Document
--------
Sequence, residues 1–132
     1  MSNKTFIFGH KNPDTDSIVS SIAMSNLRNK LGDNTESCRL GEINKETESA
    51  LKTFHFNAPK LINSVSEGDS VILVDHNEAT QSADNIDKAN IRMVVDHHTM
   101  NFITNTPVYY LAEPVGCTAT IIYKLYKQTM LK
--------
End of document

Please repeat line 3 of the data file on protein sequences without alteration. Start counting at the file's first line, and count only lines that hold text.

    51  LKTFHFNAPK LINSVSEGDS VILVDHNEAT QSADNIDKAN IRMVVDHHTM